# Eigenvalues and eigenfunction

1. Jan 20, 2010

### glueball8

1. The problem statement, all variables and given/known data
T(f(x)) = 5 f(x)
T is defined on C. Find all real eigenvalues and real eigenfunction. V:R -> R

2. Relevant equations
Not sure.

3. The attempt at a solution
No, clue. I can find eigenvalues for matrices, that's not a problem. I'm having problem that its a T(function) = something function, how do I solve a problem like this in general?

Any hints?

Thanks

2. Jan 20, 2010

### Staff: Mentor

Isn't 5 the eigenvalue?

3. Jan 20, 2010

### glueball8

Bad example. So the eigenfunction is any function?

Uh how to do theses in general? Can you make up something more complicated and explain how to do it?

4. Jan 20, 2010

### HallsofIvy

How about using the definition of "eigenvalue": If T is a linear transformation that maps functions into functions, then $\alpha$ is an "eigenvalue" and a non-zero function, f(x), is an eigenvector if and only if $Tf(x)= \alpha f(x)$. If you are told that Tf(x)= 5f(x) for all f, then, yes, 5 is the only eigenvalue and every function in the space is an eigenvector. T just "multiplies by 5" and is exactly the same as a diagonal matrix having all "5" on its diagonal.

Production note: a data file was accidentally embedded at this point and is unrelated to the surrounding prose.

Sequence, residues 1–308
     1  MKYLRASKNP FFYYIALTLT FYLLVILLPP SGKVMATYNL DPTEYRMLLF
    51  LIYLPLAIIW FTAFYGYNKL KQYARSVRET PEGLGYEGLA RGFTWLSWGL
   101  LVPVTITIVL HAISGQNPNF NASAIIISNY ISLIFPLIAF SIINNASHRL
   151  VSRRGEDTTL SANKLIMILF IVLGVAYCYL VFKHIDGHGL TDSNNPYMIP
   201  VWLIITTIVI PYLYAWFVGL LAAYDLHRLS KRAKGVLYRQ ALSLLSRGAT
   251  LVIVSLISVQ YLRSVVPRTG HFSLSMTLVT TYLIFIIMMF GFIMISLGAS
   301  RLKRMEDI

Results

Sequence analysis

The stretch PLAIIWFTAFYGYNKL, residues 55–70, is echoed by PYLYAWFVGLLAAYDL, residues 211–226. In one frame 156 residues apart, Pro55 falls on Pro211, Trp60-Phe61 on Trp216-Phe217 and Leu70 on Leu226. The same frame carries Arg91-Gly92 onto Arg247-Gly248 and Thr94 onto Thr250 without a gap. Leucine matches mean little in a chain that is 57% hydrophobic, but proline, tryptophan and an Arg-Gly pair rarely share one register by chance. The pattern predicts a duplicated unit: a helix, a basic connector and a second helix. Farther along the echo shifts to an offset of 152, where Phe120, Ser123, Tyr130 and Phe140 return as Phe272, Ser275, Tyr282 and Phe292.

5. Jan 20, 2010

### vela

Staff Emeritus
If all T does is multiply a function by 5, then yes.

Usually, you solve a differential equation. Equations like the Legendre's differential equation, the Bessel's differential equation, and the Schrodinger equation are all of this form.

The differential equation $y'-\lambda y=0$ is a simple example. You could write it as

$$D(y) = \lambda y$$

where D is the derivative operator. The solution to this equation $y=e^{\lambda x}$ is an eigenfunction of D.

Did you have a specific type of problem in mind?

6. Jan 20, 2010

### glueball8

Ok cool. :)

How about T(f(x)) = 4f(-x) + f'(x) + 6f(6)? (Might not be do able) Or something like that?

Thanks

7. Jan 21, 2010

### Staff: Mentor

Give us an actual problem, not something you just made up.